This article appears in the Winter Boomers magazine.
The number of adults living on their own is on the rise. A 25-year study from the National Center for Family and Marriage Research at Bowling Green State University found that 13.4 percent of the adult population were living alone and the majority were women 55 and older.
The age pattern of women living alone has remained stable over the past 25 years, while the percentage of male older adults increased from 33 percent to 48 percent.
“The most surprising finding to me is that living alone is on the rise among middle-aged adults,” said Susan L. Brown, professor of sociology and co-director of the NCFMR. “I think this reflects the growth in gray divorce (divorce for people older than 50) and the small but increasing share of midlife adults who have never been married.”
The lifestyle comes with challenges, but they can be met by planning in advance.
Living alone is expensive
“Individuals forgo the economies of scale that come from living with others. In addition to possible economic challenges in terms of being able to afford to live alone, as people age it can become more difficult to live independently without occasional help with tasks of daily living,” Brown said.
Loneliness and isolation
“The biggest challenges facing older adults living on their own are loneliness and isolation, which impact health, well-being and quality of life,” said Jenny Werwa, spokeswoman for the National Aging in Place Council. “Trips out of the house are not as simple as they used to be — maybe because the car keys were relinquished years ago or the steps outside the front door are too hard to climb — and that makes the social interactions people used to enjoy fewer and far between. Limited financial resources might also be preventing seniors from comfortably going out and doing the things they once loved to do.”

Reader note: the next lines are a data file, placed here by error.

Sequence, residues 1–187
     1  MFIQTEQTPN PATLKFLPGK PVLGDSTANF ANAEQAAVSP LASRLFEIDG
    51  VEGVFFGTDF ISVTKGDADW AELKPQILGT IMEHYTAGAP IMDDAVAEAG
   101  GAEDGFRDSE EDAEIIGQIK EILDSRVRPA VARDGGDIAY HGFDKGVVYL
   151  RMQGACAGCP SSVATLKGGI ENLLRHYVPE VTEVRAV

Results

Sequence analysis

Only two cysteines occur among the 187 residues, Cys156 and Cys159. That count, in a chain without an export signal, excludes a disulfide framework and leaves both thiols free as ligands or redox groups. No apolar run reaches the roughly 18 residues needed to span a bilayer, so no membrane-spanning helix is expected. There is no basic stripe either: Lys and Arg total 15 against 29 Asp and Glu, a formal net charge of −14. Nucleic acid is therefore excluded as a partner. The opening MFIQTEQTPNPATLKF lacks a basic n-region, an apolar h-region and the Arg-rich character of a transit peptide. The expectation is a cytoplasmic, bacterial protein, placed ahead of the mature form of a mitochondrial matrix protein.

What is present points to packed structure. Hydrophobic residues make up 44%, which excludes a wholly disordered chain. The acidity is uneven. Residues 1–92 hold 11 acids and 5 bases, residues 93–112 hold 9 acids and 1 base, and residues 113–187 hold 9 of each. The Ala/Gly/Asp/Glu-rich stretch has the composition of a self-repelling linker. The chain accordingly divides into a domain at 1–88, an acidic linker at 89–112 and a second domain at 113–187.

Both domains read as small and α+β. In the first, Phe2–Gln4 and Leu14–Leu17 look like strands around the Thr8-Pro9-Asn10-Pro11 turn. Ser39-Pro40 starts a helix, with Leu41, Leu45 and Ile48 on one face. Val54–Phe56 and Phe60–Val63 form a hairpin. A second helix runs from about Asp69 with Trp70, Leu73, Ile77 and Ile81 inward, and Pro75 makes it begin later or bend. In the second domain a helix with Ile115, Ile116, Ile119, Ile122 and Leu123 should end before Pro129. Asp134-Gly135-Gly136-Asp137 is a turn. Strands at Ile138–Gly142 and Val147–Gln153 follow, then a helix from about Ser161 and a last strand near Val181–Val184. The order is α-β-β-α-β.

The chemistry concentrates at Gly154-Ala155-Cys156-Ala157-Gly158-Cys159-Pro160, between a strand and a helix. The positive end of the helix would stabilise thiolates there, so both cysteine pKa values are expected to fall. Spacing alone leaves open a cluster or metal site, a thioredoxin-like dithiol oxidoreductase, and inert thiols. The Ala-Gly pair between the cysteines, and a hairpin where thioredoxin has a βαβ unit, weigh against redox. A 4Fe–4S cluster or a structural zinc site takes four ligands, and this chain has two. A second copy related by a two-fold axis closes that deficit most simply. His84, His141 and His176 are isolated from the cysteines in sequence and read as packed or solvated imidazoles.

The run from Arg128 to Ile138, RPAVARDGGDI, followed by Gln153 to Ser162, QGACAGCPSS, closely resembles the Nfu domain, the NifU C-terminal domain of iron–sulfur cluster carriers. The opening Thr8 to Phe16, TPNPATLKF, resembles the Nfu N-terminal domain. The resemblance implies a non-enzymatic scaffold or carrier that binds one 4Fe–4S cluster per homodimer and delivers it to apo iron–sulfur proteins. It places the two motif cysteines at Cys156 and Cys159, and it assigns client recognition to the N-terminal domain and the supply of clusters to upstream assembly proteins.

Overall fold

Aging in place
There’s a saying about the strength of weak ties, said Sarah Szanton, Johns Hopkins School of Nursing professor and associate director for policy at the Center on Innovative Care in Aging. Family is a strong tie, but neighbors, church friends and the people at the grocery store “are a broad and deep network” that influence people to age in place.
“It can often be the right decision. People do usually want to age in place,” Szanton said.
What can families do
“If you or someone you love might be lonely, plan a visit or look for resources that can facilitate a trip out,” Werwa said. “Transportation services and rideshare groups offer discounts to older adults, and senior centers offer free social gatherings and activities. When people are thinking ahead about staying in their homes, instead of in a group facility, it’s important to anticipate their potential needs as they get older, including transportation, health, finances and entertainment.”
Planning ahead makes living alone work, said Ted Reed, former board chairman and current board member of Friends Center City in Philadelphia.
“When you need help, how are you going to access it? People need to figure out how to handle a crisis and who you can trust,” Reed said. This is especially true if adult children don’t live nearby.
The National Aging in Place Council offers a workbook, the Act III template, to help plan ahead. Visit ageinplace.org.